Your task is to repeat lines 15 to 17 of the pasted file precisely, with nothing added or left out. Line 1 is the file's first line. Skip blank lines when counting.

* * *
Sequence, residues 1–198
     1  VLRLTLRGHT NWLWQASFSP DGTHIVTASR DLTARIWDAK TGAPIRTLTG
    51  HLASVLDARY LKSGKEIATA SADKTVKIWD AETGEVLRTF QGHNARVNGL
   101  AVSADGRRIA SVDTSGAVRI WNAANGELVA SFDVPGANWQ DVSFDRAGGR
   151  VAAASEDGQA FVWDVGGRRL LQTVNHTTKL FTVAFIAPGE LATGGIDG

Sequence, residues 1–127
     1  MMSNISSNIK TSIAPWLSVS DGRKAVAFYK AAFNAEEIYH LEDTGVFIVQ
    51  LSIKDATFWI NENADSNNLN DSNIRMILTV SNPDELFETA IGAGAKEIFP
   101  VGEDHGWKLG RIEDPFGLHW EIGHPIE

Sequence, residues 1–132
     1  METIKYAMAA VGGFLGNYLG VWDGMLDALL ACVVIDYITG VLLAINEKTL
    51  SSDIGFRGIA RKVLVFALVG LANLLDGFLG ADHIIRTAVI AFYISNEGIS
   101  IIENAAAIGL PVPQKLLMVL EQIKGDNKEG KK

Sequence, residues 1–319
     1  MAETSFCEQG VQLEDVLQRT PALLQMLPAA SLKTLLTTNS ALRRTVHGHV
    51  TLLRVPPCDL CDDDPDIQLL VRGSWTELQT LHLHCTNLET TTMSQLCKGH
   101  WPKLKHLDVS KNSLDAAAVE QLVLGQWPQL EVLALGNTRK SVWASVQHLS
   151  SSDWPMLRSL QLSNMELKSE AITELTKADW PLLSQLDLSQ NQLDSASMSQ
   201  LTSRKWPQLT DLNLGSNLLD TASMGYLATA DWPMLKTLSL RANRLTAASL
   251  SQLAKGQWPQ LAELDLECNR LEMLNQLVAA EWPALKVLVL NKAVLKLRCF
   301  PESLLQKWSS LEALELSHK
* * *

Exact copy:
     1  MAETSFCEQG VQLEDVLQRT PALLQMLPAA SLKTLLTTNS ALRRTVHGHV
    51  TLLRVPPCDL CDDDPDIQLL VRGSWTELQT LHLHCTNLET TTMSQLCKGH
   101  WPKLKHLDVS KNSLDAAAVE QLVLGQWPQL EVLALGNTRK SVWASVQHLS